“Trying to reduce the environmental impact of our food system includes protein sources from species that are damaging our ecosystem, such as invasive species,” he said. “Asian carp has a lot of small bones and really is not ideal as a fillet fish for human consumption. But once ground up, it’s perfect for cats and dogs. It has a great nutritional profile, and it’s very appetizing for them.”
Ah, them bones. Asian carp have many tiny pin bones throughout their fillets. They’re actually so small as to be edible, but they are a hurdle for an American market, Fucik said.
“American people do not like bones,” he said. “Chinese people will eat a fish right off its bones, but in America, people want a 4-ounce salmon fillet, skinless, boneless, that grows on a tree.”
Some higher-order filleting and meat-grinding, however, can overcome the pin bone issue, Fucik said.
The upcoming Asian carp — or whatever the fish will soon be called — marketing push will seek to connect with grocery stores, restaurants, and institutional places such as universities and food pantries. “Anybody who needs to eat proteins,” Irons said. The message: “If you try it, it’s going to be delicious.”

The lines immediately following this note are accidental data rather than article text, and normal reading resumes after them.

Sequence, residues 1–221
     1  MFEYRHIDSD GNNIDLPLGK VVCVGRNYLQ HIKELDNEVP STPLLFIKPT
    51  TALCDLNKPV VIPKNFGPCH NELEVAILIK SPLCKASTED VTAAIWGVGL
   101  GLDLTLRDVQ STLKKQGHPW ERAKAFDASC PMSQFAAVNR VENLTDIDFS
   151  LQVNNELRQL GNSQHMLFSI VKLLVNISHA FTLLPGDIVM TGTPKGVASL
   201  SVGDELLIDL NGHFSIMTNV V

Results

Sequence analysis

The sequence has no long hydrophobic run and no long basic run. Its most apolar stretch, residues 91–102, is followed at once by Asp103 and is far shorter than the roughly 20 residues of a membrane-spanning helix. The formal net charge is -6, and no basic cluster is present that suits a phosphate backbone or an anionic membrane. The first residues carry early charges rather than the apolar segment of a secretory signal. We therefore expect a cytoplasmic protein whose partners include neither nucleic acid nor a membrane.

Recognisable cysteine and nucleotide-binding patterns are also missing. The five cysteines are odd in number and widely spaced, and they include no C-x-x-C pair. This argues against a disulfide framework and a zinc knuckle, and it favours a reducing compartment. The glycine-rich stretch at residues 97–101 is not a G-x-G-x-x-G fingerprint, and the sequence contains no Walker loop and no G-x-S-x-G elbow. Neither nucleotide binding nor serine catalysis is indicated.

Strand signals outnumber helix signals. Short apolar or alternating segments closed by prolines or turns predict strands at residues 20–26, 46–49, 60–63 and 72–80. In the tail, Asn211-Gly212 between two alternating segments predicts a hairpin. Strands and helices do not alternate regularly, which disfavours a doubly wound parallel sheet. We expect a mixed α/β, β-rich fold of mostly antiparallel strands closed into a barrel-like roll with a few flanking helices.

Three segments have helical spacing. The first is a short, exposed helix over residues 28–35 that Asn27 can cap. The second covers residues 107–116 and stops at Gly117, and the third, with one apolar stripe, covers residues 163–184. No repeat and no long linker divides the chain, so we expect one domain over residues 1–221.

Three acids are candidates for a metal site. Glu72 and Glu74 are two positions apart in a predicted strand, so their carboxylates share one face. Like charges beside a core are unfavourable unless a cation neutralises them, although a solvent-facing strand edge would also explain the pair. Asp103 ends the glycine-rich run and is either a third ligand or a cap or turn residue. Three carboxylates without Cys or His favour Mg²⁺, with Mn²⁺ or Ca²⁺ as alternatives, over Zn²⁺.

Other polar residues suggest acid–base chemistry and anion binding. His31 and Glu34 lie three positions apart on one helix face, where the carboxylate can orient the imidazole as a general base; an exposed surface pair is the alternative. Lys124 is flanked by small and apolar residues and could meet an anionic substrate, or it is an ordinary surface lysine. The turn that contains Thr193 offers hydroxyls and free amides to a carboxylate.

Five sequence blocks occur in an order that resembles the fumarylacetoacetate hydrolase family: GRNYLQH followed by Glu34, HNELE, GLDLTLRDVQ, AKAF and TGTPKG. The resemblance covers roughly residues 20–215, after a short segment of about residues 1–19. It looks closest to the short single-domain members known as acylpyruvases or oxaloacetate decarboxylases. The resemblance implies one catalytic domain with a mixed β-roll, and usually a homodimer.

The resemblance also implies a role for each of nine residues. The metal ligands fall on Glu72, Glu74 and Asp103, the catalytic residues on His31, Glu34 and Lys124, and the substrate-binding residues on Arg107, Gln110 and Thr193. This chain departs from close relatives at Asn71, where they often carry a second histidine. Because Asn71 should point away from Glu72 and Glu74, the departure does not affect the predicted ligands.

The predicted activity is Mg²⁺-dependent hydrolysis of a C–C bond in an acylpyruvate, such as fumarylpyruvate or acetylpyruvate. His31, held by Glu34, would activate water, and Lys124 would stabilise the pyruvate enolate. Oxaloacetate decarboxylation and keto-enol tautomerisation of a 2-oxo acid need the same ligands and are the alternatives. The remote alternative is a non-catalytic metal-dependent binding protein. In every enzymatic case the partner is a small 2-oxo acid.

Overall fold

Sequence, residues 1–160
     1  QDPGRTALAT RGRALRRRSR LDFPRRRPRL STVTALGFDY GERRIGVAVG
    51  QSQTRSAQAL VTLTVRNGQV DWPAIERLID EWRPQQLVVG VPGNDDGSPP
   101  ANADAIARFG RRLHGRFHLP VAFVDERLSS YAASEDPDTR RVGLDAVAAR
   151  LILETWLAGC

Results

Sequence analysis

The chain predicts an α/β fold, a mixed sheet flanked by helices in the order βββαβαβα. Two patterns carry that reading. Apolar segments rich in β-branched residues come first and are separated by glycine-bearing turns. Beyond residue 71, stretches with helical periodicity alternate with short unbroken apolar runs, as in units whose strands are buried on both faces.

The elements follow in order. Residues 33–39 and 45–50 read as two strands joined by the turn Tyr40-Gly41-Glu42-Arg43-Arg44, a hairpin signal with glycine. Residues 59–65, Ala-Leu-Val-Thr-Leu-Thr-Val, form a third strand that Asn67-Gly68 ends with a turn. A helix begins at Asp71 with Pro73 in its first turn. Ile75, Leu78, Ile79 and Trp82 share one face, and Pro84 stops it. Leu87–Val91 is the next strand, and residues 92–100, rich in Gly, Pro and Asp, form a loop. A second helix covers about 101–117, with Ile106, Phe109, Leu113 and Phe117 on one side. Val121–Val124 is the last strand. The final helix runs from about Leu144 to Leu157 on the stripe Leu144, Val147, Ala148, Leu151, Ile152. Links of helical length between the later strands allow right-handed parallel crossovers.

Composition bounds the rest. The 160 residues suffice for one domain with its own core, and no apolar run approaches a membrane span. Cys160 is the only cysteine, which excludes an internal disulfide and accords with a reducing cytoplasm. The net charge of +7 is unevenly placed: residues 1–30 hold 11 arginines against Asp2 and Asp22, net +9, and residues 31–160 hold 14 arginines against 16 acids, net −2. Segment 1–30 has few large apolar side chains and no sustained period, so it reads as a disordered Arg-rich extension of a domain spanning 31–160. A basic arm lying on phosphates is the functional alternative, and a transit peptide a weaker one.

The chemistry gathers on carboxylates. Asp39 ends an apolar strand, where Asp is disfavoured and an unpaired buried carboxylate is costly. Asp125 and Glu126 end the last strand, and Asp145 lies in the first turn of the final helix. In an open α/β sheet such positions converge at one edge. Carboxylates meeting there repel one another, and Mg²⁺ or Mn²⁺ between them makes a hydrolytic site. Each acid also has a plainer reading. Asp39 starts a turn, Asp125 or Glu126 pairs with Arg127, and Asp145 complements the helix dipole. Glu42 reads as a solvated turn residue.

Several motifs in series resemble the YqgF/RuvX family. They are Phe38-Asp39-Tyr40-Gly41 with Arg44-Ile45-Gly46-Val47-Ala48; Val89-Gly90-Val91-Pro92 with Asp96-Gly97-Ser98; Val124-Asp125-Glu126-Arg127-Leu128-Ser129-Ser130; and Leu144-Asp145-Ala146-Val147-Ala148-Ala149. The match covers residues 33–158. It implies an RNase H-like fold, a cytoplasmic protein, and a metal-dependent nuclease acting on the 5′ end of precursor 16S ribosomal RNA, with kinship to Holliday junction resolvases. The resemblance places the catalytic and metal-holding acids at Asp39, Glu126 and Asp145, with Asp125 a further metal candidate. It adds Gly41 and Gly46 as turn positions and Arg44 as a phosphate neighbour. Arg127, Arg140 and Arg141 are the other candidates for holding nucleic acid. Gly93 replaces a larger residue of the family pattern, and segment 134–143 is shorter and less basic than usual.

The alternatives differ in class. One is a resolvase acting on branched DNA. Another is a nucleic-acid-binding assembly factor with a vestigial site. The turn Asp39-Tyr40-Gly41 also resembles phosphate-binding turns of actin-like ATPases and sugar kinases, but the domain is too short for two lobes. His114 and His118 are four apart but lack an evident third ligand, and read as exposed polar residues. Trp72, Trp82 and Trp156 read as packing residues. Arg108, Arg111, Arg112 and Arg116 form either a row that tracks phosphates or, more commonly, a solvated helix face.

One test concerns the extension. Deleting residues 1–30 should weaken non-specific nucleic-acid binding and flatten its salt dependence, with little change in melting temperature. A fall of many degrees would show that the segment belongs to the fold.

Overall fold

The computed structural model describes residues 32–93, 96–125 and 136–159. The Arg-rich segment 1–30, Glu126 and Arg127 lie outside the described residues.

And it’s all for a vital environmental cause. Sorce noted that the Brandon Road Lock and Dam Asian carp barrier proposed for Peoria is still about seven years or more away.
“We are a last line of defense,” he said. “If we can harvest these fish out of the Peoria pool, we can minimize the pressure going north.”
Follow reporter Keith Matheny: @keithmatheny
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This article originally appeared on Detroit Free Press: Asian carp rebranding: Fish will get new name to appeal to eaters